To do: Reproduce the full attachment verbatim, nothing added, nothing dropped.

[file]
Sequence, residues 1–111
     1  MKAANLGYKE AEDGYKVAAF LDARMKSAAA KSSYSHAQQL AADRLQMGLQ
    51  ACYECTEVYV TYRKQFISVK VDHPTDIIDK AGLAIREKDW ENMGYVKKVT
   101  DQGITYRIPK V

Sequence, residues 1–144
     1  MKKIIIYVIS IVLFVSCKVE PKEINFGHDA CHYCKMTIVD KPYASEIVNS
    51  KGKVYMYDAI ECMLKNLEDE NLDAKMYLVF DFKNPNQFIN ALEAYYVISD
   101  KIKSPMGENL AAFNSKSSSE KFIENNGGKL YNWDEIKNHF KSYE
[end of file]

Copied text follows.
Sequence, residues 1–111
     1  MKAANLGYKE AEDGYKVAAF LDARMKSAAA KSSYSHAQQL AADRLQMGLQ
    51  ACYECTEVYV TYRKQFISVK VDHPTDIIDK AGLAIREKDW ENMGYVKKVT
   101  DQGITYRIPK V

Sequence, residues 1–144
     1  MKKIIIYVIS IVLFVSCKVE PKEINFGHDA CHYCKMTIVD KPYASEIVNS
    51  KGKVYMYDAI ECMLKNLEDE NLDAKMYLVF DFKNPNQFIN ALEAYYVISD
   101  KIKSPMGENL AAFNSKSSSE KFIENNGGKL YNWDEIKNHF KSYE